I have pollinated my peace lily several times with success. I haven’t found a lot of information online on the topic of peace lily pollination, barely anything, which is why I decided to write this blog post.
Why would you pollinate a Peace Lily
The purpose of pollination is to produce seeds. Growing plants from seeds is very exciting. It takes a bit more time and skill, but it’s very rewarding growing something from a tiny seed into a large plant, it provides a lot of satisfaction.
Note that plants grown from seeds are not always the same as the original plant. Especially if you cross pollinate different varieties or different species.
Peace lilies belong to the genus Spathiphyllum. They are excellent houseplants and very low light tolerant. The most common type has dark green leaves contrasting beautifully with the white flowers.
Peace lilies can be propagated easily through asexual/vegetative propagation, such as division. They can also be propagated sexually by using seeds. To do this you have to pollinate them. Pollination in nature is usually done either by insects or wind. However, it is also possible to pollinate them by hand. Let’s look at how to do that.
Steps to Pollinate the Peace Lilly Plant
Here are the quick and easy steps to pollinate your peace lily plant.
Flowers have male and female parts. Male parts produce pollen. You need to collect pollen and apply it to the female parts in order for pollination to take place, so that the flowers can produce seeds.
Closely monitor your peace lily to see when it is ready for pollen collection. What people usually call a ‘flower’, is actually an inflorescence. One inflorescence consists of the outer spathe (white delicate outside cover) and the spadix, which is located inside the spathe and looks like a fleshy spike. Personally, it reminds me of a mace :) The actual flowers are placed all over the spadix.
Female parts of the peace lily flowers open first, before pollen is produced. As soon as the spathe starts unfurling, all the female parts on the spadix start maturing simultaneously. After they start dying (turning brown), that’s when the plant starts producing pollen.
Which means that you can’t pollinate a peace lily if you only have one flower stalk. You need to collect pollen from one flower stalk and then pollinate the next stalk that blooms.
When you notice a flower stalk starting to produce pollen, put a plastic container under the stalk, gently tap it and collect the pollen inside the container. This will usually start happening very quickly after the female parts of the flowers close/start dying/turning brown.
Find a second spathe that is starting to unfurl. When you see it starting to unfurl, you only have about 24 hours before all flowers close and start turning brown. Notice I am referring to individual flowers on the spadix turning brown, not the whole flower stalk. The tiny tips of individual female flower parts will start turning brown. At that point, the pollination window is closed.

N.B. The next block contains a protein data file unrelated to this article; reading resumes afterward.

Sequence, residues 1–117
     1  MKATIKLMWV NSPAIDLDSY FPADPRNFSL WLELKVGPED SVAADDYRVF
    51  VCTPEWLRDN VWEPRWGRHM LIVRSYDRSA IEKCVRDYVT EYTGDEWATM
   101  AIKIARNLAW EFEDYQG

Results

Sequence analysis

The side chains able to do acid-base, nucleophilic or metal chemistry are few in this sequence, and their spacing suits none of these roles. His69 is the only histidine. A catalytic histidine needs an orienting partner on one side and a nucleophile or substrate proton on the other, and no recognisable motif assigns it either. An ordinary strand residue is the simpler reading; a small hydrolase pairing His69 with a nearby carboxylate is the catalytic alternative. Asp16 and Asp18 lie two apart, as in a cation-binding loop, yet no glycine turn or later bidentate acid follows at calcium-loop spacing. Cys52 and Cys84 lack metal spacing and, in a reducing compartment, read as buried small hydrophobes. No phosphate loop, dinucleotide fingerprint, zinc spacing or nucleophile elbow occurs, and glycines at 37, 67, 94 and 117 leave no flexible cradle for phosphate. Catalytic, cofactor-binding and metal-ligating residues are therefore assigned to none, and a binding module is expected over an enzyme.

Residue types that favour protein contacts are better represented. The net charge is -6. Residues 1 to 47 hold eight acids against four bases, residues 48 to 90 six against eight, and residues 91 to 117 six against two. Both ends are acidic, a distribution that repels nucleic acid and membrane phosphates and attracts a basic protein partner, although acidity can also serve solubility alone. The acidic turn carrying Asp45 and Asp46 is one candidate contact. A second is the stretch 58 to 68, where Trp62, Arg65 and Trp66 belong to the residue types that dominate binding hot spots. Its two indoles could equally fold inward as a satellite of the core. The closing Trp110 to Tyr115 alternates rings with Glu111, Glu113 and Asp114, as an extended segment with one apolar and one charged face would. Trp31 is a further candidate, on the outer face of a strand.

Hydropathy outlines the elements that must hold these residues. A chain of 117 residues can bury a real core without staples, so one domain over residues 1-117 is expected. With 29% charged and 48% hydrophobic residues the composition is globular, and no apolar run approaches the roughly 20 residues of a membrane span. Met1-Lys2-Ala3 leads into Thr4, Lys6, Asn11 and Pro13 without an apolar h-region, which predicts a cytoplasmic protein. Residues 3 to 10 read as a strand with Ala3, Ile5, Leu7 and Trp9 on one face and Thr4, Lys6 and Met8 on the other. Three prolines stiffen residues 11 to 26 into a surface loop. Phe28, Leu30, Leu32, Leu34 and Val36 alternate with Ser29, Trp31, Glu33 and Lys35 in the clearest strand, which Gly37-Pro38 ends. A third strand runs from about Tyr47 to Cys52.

The flowers are only viable for pollination for about 24 hours. How can you notice if they are still viable? Look at the tops, they will be fuzzy, like in the following image.
What I like to do is open the spathe right before it unfurls as the female flower parts will already be viable for pollination.
If the female parts are fuzzy, use a soft brush to apply the pollen over the receptive flowers. Try to apply pollen over as many flowers as you can.
After several weeks, the flowers will start swelling, as the seeds are produced. Notice the upper part of the spadix in this photo and how some of the sections are starting to swell. They are the ones producing seeds.
If none of the flowers have been pollinated, the whole flower stalk, starting with the spathe will dry out, like in the following image.
If you successfully pollinated the peace lily, after several weeks the stalk will be full of seeds. This is what the seeds look like
If there are no receptive flowers that you can pollinate, you can keep the pollen in a cool dark place. It should be viable for at least a few weeks. I have used peace lily pollen 3-5 months after I collected it and it was still viable, without refrigeration. But if you plan on keeping it longer than a few weeks, refrigeration would be something to consider, to extend its viability.
If you don’t want to do the pollination, but just want to try growing from seeds, you can order some peace lily seeds from my shop.
I hope this was helpful, let me know if you were able to pollinate in the comment section. And here is a video of the whole pollination process.
FAQs About Peace Lilly Pollination
Do Peace Lilies Need To Be Pollinated?
No, Peace Lilies don’t need to be pollinated. But if you want to get seeds, you need to pollinate a Peace Lily.
Do Peace Lilies Produce Pollen?
Yes, Peace Lilies produce pollen. In order to produce pollen they need to produce flowers. And they will produce flowers only if they get sufficient light.
How Do I Get My Peace Lily To Bloom?
To get your peace lily to bloom increase the amount of light it’s getting. Give it at least 10,000 lux (1,000 foot candles) of light. For more details on how to get a peace lily to bloom, check out the detailed blog post on the topic.
What Do You Do With Peace Lily Seed Pods?
You can harvest Peace Lily seed pods to grow new plants. Harvest the seeds before the flower stalk and seed pods fully dry out, as the seeds will be easier to harvest. Once the seed pods dry out, it takes a bit of effort to extract the seeds.
Can You Start A Peace Lily From Seed?
Yes, you can start a peace lily from seed. To learn how, take a look at the video below: